You’re an up and coming artist. You’re incredibly talented and have a solid fanbase that you really love. But you’re ready to take the next step. At this point, you’ve been doing it all solo. Marketing, management, booking shows, writing, recording, etc. One day you get a call from someone over at Interscope Records, saying they love your stuff and are interested in making a deal. You agree to meet and hop on a plane to LA the next day.

As soon as you walk into the building, you’re greeted by the agent, who proceeds to walk you through the building and give you a tour of the facilities. Needless to say, the resources are impressive. Then they walk you into a conference room where you begin negotiations.

First situation, they offer you a contract. “We’ll pay you X amount of money for control over your entire project. You write us music, we’ll pay for it all upfront, but you have to do exactly what we say for the next 3 years.”. That X amount of money is quite ludicrous. It’s more money than you’ve ever seen in your life. The offer is tempting, but you decline. You say, “I’m sorry, but this project has never been about money. I’m here because I love the music and fans, so I want to have control over what I give them.” The agent nods and says they understand, tries to renegotiate the offer a few times, but no consensus is ever reached. You fly home the next day, right back to where you started.

So why didn’t this work? You tried to negotiate the contract and redefine some things, but at the end of the day it didn’t work out. Well, what have we been talking about this entire article? Let’s think about it like that.

First, the agent offered you a large sum of money in return for absolute control. For most people, this is a difficult idea to comprehend. For those who are used to retaining all their control, relinquishing that much control is… overwhelming. Sure, it’s a large sum of money, but no amount of money is worth letting go of everything you’ve built, right? At this point, the negotiation is now emotional, since it encroaches on your sense of control. You may think that’s wrong, but let’s talk about the label’s side for a second.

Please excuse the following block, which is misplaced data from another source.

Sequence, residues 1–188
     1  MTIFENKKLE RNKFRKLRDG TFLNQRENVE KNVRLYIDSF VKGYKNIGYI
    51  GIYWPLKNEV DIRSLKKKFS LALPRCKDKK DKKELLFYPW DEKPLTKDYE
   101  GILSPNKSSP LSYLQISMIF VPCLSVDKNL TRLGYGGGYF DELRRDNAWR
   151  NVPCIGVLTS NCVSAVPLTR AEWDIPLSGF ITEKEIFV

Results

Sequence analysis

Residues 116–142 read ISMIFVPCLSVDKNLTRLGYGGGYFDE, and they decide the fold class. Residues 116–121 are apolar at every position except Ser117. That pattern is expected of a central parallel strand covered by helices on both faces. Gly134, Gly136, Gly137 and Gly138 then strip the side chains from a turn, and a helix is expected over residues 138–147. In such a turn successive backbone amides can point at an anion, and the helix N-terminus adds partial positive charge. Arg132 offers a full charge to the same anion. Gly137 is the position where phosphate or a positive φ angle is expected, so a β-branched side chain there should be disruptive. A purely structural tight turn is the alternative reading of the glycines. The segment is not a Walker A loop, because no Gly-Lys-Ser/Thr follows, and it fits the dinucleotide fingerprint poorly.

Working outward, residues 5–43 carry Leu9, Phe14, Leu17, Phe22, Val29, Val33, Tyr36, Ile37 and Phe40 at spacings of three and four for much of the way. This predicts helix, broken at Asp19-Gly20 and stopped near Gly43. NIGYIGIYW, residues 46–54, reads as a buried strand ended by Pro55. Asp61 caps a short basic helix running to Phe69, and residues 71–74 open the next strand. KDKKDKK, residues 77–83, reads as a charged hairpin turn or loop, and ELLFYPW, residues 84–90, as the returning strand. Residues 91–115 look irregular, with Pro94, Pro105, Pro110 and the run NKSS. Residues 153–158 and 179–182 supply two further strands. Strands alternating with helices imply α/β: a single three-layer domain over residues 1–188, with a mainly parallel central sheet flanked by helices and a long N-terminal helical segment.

Let’s just get this bit out of the way, first. To the label, you’re not special. The agent may like you, and you may feel like you have a lot of leverage in this situation, but they do meetings like this 10 times a week. To them, you’re a prospect. The little leverage you have doesn’t mean much next to the agent’s years of experience.

But this agent doesn’t have a lot of time. They’ve got 30 more artists to talk to before the end of the month. So they decide to use a little psychological technique called “polarization”. At its simplest, “polarization” is when a negotiator offers questions or negotiations that are “extreme”, in order to provoke a reaction and determine if the other party will be a good fit for their situation. This agent has a lot of people to sort through. They don’t have the time to learn a ton about you before deciding whether or not to hire you. And there’s too much risk involved. Their teams know how to market, manage, record, etc, and have been doing so for years. It makes a lot more sense for them to trust in the teams they work with every day, rather than trust an artist who says they can do these things. So their best option is to propose an “all-or-nothing deal”. During those first few years, they’ll get to know you better while retaining control of your project, so the risk on their side is low. Having control, in this case, is better for them.

And, I’d like to think, striking deals like this gives the agent a thrill. Control seems to provoke a strong emotional response, since people who earn control on a large scale are unwilling to give it up. I’m sure it’s quite invigorating and addicting. I guess that’s why they say “power always corrupts”. But keep that in mind. You’re dealing with a human here. Appealing to emotions like this may be in your best interest.

I’d like to talk about this more, but my time is shorter than usual today. I’ll see what I can do to finish this up at some point this week. Stay tuned!

Good luck, have fun!

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Music producer, mix engineer, and songwriter from Salt Lake City, Utah.

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Danny Demosi

Danny Demosi

Music producer, mix engineer, and songwriter from Salt Lake City, Utah.